16. Clustering Algorithms • K-means and its variants • Hierarchical clustering • DBSCAN

  17. K-means

  18. K-means Clustering • Partitional clustering approach • Each cluster is associated with a centroid(center point) • Each point is assigned to the cluster with the closest centroid • Number of clusters, K, must be specified • The objective is to minimize the sum of distances of the points to their respective centroid

  19. K-means Clustering • Problem: Given a set X of n points in a d-dimensional space and an integer K group the points into K clusters C= {C1, C2,…,Ck} such that is minimized, where ci is the centroid of the points in cluster Ci

  20. K-means Clustering • Most common definition is with euclidean distance, minimizing the Sum of Squares Error (SSE) function • Sometimes K-means is defined like that • Problem: Given a set X of n points in a d-dimensional space and an integer K group the points into K clusters C= {C1, C2,…,Ck} such that is minimized, where ci is the mean of the points in cluster Ci Sum of Squares Error (SSE)

  21. Complexity of the k-means problem • NP-hard if the dimensionality of the data is at least 2 (d>=2) • Finding the best solution in polynomial time is infeasible • For d=1 the problem is solvable in polynomial time (how?) • A simple iterative algorithm works quite well in practice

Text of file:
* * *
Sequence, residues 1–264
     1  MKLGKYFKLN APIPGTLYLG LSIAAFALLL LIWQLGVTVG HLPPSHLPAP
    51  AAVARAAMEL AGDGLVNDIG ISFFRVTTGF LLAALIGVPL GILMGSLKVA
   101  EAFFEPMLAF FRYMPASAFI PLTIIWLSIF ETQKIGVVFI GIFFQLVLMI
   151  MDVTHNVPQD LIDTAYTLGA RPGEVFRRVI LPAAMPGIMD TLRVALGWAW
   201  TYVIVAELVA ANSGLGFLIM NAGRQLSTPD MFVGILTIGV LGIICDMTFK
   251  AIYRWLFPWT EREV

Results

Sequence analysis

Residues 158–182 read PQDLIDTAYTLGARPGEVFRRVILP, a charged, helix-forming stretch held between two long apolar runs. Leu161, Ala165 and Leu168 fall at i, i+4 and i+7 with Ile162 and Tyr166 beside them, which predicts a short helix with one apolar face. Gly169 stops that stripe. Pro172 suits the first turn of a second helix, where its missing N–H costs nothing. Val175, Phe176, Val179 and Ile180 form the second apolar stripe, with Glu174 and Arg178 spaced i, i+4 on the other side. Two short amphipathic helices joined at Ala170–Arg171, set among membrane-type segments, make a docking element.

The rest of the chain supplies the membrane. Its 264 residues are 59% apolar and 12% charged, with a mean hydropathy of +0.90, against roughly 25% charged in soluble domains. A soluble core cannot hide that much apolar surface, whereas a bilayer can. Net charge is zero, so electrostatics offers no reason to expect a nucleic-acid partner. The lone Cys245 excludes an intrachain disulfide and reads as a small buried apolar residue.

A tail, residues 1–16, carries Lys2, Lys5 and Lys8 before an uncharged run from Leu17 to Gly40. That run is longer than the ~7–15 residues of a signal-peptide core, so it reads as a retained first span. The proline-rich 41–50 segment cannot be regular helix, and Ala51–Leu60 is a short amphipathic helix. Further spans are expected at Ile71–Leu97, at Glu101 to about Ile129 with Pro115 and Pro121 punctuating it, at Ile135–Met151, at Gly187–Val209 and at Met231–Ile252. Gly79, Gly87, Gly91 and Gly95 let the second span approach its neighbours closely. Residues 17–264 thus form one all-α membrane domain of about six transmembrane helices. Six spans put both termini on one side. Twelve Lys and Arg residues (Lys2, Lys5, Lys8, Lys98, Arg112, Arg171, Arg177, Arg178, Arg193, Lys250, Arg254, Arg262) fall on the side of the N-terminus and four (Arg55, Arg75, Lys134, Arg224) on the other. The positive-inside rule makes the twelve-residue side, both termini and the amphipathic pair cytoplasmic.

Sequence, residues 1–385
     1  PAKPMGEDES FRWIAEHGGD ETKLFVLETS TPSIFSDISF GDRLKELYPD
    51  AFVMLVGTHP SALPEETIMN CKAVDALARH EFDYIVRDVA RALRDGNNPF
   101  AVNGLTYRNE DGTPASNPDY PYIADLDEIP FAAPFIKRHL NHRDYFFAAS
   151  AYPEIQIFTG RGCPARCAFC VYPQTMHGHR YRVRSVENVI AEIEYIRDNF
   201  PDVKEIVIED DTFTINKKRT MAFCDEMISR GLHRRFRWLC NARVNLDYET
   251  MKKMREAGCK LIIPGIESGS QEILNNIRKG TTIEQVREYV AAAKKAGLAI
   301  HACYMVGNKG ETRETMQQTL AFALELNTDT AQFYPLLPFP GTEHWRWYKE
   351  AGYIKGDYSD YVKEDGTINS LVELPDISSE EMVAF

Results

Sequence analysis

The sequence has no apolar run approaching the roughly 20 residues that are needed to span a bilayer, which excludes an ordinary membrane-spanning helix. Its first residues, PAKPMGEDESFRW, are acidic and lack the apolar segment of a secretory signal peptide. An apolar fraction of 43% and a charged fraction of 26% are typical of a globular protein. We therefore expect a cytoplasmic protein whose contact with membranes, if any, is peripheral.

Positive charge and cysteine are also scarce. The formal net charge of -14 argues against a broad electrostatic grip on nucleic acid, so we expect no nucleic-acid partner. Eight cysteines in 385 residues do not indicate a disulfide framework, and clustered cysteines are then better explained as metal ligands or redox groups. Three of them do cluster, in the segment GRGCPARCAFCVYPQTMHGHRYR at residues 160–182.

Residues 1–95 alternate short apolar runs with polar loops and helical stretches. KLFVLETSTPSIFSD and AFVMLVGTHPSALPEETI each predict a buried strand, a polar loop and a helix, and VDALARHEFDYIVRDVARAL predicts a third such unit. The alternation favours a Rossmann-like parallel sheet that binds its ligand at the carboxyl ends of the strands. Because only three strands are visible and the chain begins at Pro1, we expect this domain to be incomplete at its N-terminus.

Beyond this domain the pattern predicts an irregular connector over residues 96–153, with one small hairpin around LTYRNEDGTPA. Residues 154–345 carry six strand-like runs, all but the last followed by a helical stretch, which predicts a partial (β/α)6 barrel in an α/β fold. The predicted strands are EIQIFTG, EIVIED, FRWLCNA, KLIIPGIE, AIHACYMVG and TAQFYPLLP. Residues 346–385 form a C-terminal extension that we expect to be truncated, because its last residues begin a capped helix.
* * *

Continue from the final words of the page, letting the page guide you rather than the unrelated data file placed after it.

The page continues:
22. K-means Algorithm • Also known as Lloyd’s algorithm. • K-means is sometimes synonymous with this algorithm

  23. K-means Algorithm – Initialization • Initial centroids are often chosen randomly. • Clusters produced vary from one run to another.

  24. Optimal Clustering Sub-optimal Clustering Two different K-means Clusterings Original Points

  25. Importance of Choosing Initial Centroids

  26. Importance of Choosing Initial Centroids

  27. Importance of Choosing Initial Centroids

  28. Importance of Choosing Initial Centroids …

  29. Dealing with Initialization • Do multiple runs and select the clustering with the smallest error • Select original set of points by methods other than random . E.g., pick the most distant (from each other) points as cluster centers (K-means++ algorithm)